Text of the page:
Opening Act(s): No Doubt
Elevation, Beautiful Day, Until The End Of The World, New Year’s Day, I Will Follow, Sunday Bloody Sunday, Stuck In A Moment You Can’t Get Out Of, Slow Dancing, Angel Of Harlem, A Sort Of Homecoming, Please, All I Want Is You, Where The Streets Have No Name, I Still Haven’t Found What I’m Looking For-Three Little Birds, Pride (In The Name Of Love). Encore: Bullet The Blue Sky, What’s Going On, New York, One-Molly Malone, Walk On.
Bono brings fan Scott Perretta on stage to play guitar and he begins ‘A Sort Of Homecoming’ before Bono and The Edge realize what he’s playing. They soon join in and play a spirited version, even though Bono doesn’t remember many lyrics. Bono also brings a female fan on stage during ‘Until The End Of The World’ and she takes part in the ‘duel’ with The Edge. Gwen Stefani once again sings during ‘What’s Going On.’ Bono reads some of the victims’ names that scroll behind the band during ‘One.’
It’s difficult for me to write an unbiased review of a U2 show. As something of a U2 devotee, I’d probably revel in the genius of U2’s ironic deconstruction if they were to come out dressed in pink spandex pants and white mesh tops with four cans of Aquanet holding up their newly reacquired mullets, all the while knocking out a cover of Every Rose Has Its Thorns.
That said, what’s probably more telling is the juxtaposition of No Doubt and U2, openers and headliners. No Doubt is a great live band. They have catchy tunes that, as a result of ubiquitous airplay, have nearly become figments of the cultural lexicon. They have an incredibly talented, high-energy frontwoman and a band that has honed itself into an admirably tight unit over the course of more than a decade touring together. In short, they rock. And rock they did as the opening act with a set that was remarkably full of familiar radio staples, considering only two of their albums have enjoyed widespread, commercial success. They managed to keep the Heart, and most of the floor for that matter, pounding througout their entire set. Then U2 came out and showed them how the big boys do it.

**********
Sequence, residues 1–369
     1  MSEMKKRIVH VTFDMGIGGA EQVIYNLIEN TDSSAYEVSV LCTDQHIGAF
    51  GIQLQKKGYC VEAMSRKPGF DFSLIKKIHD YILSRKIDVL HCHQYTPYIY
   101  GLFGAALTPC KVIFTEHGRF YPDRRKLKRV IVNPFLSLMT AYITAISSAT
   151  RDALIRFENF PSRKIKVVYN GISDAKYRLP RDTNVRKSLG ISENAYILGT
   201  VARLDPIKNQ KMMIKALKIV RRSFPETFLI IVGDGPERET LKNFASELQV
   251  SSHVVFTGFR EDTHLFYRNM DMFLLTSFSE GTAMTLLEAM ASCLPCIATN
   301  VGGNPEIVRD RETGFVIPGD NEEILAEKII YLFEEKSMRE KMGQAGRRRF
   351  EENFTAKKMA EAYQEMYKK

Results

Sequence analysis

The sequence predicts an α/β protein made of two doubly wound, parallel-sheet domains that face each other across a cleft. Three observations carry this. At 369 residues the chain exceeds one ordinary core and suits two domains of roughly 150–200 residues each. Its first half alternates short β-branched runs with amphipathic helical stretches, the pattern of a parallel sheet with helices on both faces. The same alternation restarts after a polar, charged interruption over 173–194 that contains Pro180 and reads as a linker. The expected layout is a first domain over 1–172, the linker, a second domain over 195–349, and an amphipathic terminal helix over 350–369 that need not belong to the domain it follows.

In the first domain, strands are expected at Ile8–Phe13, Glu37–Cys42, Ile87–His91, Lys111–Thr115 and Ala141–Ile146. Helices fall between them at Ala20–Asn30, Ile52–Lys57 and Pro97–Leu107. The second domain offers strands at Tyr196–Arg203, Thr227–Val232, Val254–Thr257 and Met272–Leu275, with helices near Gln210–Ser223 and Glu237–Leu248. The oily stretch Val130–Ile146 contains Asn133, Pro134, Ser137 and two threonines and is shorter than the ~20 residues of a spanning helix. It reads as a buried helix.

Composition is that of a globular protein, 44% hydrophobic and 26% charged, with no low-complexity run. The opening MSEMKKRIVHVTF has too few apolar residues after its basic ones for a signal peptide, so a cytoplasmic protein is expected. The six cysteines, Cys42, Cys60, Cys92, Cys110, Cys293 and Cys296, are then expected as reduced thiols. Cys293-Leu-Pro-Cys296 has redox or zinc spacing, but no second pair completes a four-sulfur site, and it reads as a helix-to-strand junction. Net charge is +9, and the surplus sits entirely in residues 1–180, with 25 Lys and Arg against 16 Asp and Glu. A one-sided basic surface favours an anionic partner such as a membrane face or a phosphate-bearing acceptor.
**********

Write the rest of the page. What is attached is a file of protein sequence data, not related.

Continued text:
In short, U2’s performance at the Oakland Coliseum Arena on November 16, 2001 was, bar none, the greatest rock concert that I have had the privilege of experiencing. Uncanny musicianship, earnest emotion, grand theatrics, heart pounding exhiliration and a genuine sense of community are all, as individual elements, difficult pieces of a live puzzle that rock bands struggle to master. U2 nailed all five.
As is established custom for the band at this point, they sauntered confidently onto the stage with the lights still up, briefly waved to the croud, then crashed into Elevation. And with that inspired opening, the show was off and running. From the first notes of Elevation, to the house lights going down, to the opening notes of Beautiful Day straight through to the end of the fourth song, New Year’s Day, the tidal wave of emotional energy throughout the venue was unrelenting. It wasn’t until the seventh song, the more mid-tempo Stuck in a Moment, that most everyone had their feet back in contact with terra firma. Elevation indeed.